Those Who Received a First Dose at Least 21 or 28 Days Ago Will Be Eligible to Make Appointments May 24.
Indigenous people in Manitoba will be eligible to book their second-dose appointments starting May 24, Dr. Marcia Anderson, public health lead, First Nations Pandemic Response Coordination Team, and Dr. Joss Reimer, medical lead, Vaccine Immunization Task Force, announced today.
“Throughout the second and third waves of this pandemic, we have seen First Nations people make up 40 to 60 per cent of all COVID-19 admissions to intensive care units. Of these First Nations people, currently two-thirds of them live outside of First Nations communities and mostly in urban environments. That is why it is so important to get our communities – both on and off reserve – fully vaccinated as soon as possible,” said Anderson. “Getting fully vaccinated will not only provide a greater level of protection to the individual, but to their family members and loved ones too.”
Beginning Monday at 11:45 a.m., Indigenous people in Manitoba who have received their first dose of the vaccine can call toll-free 1-844-626-8222 (1-844-MAN-VACC) to book appointments at super sites, pop-up clinics or urban Indigenous clinics. Daily hours of operation are from 6 a.m. to 8 p.m. People can also book online at https://protectmb.ca.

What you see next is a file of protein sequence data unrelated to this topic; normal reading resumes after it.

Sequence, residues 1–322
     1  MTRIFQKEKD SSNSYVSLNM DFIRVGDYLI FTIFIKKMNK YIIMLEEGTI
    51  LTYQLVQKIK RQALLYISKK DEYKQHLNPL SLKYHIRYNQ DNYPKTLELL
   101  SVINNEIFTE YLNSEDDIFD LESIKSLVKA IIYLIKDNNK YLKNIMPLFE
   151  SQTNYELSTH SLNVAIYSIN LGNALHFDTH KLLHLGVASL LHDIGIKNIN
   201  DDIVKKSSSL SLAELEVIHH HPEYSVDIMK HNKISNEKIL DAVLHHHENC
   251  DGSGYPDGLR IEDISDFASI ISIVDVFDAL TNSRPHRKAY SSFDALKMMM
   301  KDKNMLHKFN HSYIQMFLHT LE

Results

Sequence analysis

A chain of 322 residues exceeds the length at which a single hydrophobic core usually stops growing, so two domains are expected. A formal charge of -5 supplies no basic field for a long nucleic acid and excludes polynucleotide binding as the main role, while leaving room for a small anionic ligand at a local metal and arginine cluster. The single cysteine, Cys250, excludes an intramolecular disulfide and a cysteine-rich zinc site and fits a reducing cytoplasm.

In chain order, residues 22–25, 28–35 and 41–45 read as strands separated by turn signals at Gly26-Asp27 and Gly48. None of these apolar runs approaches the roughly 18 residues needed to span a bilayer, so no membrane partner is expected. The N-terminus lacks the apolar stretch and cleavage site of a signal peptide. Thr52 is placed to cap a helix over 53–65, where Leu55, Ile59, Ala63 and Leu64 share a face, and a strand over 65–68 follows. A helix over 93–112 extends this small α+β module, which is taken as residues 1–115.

People can receive their second dose at a different clinic than where they received their first dose, as long as the clinic is offering the same type of vaccine. To book a second-dose appointment, individuals must have:
• received a Pfizer vaccine 21 days before their second-dose appointment date; or
• received a Moderna vaccine 28 days before their second-dose appointment date.
In addition, people booking a COVID-19 vaccine appointment by phone can access service in more than 100 languages and request professional interpreter services to be arranged for their appointment at a super site. This includes several Indigenous languages.
“This approach to second-dose eligibility will benefit all Manitobans,” said Reimer. “Our data has shown that First Nations people are more vulnerable to the virus for a number of systemic reasons and we’re seeing First Nations people are being admitted to hospital more frequently. The more people we can fully vaccinate, the safer our communities will be and we expect the strain will ease on our health-care system.”
For more information on Manitoba’s largest-ever vaccination program, visit https://protectmb.ca/.